Gripping Australian Domestic Noir: Read an Extract of Ash Mountain by Helen FitzGerald

Gripping Australian Domestic Noir: Read an Extract of Ash Mountain by Helen FitzGerald

‘If you want Fran to die, add two. That’s zero-two if you would like to say goodbye to Francesca.’ 

Fran unstuck herself from the couch and reached for the alarm. In the background, a man on telly with no face and nobody was saying: ‘To dump Aron dial 0800 8001. Or, if it’s Michelle you want to dump, add 2, that’s 0800 8002 if you want to say goodbye to Michelle.’ 

Michelle? Fran paused to confirm she had been asleep for two episodes. Yep, it was 3.30 pm. She switched off the alarm, then on and off again, but the noise continued.

There was an emergency siren coming from outside. She checked online – no updates for Ash Mountain yet, no need to panic.

‘Dad, the town siren’s going off,’ she yelled from the hall.  ‘Not sure why, nothing online. I’m going to get Vonny, back soon.’

Fran grabbed her backpack and shut the door behind her.

She knew she couldn’t Leave Early, but expected she’d  at least Believe Early; and not be one of those ignoramuses  who are like, Hey take my pic, Check out Nature, Is that…? Can you please tell me what I’m seeing? Believing was proving difficult, however.

To her right, coming in from the north-west, a gigantic wall of black and grey and red, a tsunami of smoke hundreds of metres high, had cut the world in half.

She lost a few seconds to disbelief – was it just clouds? Aliens? The sherry she’d had at 10.20 am? She raced back inside to her bedroom and threw on jeans, a jumper, leather boots, gloves and a beanie. She put a blanket in her backpack,  ran down the hall and hugged her dad: ‘There’s a fire to the  north, you follow the drill.’ Shutting the front door behind  her once more, she checked that all the windows and doors  were closed, that the sprinklers were on and the roof damp.

She considered the four-wheel drive, but Dante had taken it to the beach with Tiffany. She considered going back inside again and staying there – which would be safe, probably –  but she had to be with Vonny, no matter what, so decided against it. She considered the two remaining ostriches and,  as per the fantasy she secretly enjoyed sometimes, decided against them too…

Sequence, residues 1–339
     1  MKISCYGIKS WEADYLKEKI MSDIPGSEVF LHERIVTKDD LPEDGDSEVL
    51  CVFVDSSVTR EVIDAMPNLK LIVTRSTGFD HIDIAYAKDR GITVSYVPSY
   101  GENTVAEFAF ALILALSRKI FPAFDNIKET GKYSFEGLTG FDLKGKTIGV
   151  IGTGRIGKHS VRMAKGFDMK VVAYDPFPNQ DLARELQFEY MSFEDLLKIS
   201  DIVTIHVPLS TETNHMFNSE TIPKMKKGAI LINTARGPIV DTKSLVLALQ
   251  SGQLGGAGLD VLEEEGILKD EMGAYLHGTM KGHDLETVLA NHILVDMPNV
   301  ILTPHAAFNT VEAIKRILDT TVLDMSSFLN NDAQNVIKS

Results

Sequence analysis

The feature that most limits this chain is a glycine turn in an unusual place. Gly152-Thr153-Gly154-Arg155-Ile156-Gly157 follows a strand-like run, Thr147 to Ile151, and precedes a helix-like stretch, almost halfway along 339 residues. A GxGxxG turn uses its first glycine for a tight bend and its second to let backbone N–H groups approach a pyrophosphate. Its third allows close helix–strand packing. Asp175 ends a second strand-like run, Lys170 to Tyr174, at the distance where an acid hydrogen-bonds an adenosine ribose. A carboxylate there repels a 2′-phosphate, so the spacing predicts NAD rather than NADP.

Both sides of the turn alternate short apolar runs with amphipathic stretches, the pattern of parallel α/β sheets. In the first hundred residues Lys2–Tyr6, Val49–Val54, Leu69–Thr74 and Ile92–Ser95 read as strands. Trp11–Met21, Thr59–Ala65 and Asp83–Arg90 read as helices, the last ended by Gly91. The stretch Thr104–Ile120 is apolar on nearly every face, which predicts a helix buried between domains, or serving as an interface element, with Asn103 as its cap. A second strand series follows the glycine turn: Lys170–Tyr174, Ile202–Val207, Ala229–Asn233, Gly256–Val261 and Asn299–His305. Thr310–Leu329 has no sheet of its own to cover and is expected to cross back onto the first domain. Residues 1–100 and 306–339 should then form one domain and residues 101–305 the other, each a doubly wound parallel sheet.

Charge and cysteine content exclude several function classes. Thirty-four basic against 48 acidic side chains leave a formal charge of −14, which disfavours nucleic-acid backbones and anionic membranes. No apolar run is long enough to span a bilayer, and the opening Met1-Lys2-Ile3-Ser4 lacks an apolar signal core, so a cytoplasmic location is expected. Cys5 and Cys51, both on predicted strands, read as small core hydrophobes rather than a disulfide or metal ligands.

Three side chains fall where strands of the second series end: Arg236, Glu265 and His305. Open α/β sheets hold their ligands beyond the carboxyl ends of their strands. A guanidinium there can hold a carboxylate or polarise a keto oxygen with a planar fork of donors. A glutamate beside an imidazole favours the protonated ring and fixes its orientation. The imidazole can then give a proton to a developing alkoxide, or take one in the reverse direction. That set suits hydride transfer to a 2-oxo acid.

Continue reading the extract here…

Reviews

A Small-Town Disaster Thriller: Read our Review of Ash Mountain by Helen FitzGerald

Review | Our Review

22 February 2021

A Small-Town Disaster Thriller: Read our Review of Ash Mountain by Helen FitzGerald

    Better Reading Preview: Ash Mountain by Helen FitzGerald

    Review | Preview

    16 February 2021

    Better Reading Preview: Ash Mountain by Helen FitzGerald

      Publisher details

      Ash Mountain
      Author
      Helen FitzGerald
      Publisher
      Affirm Press
      Genre
      Crime Fiction
      Released
      23 February, 2021

      Synopsis

      Fran thought she’d never return to Ash Mountain but her dad has become ill, her relationship is over, and she hates her dead-end job in the city anyway. In a blistering summer, childhood memories prick at her fragile self-esteem as old friendships and rivalries are renewed and new ones forged. But the tumult of her home life is the least of her worries because a bushfire is roaring towards Ash Mountain and the town’s long-held secrets will soon be exposed in the carnage. Ash Mountain is a uniquely Australian domestic noir – warm, blackly funny and a powder keg of accumulated tension. Vividly portraying small-town life, and a woman and a land in crisis, this is a disaster thriller you will never forget.

      Helen FitzGerald
      About the author

      Helen FitzGerald

      Helen FitzGerald is the bestselling author of ten adult and young adult thrillers, including The Donor (2011) and The Cry (2013), which was longlisted for the Theakstons Old Peculier Crime Novel of the Year, and is now a major drama for BBC1. Helen worked as a criminal justice social worker for over fifteen years. She grew up in Kilmore, Victoria, Australia. She now lives in Glasgow with her husband.

      Books by Helen FitzGerald

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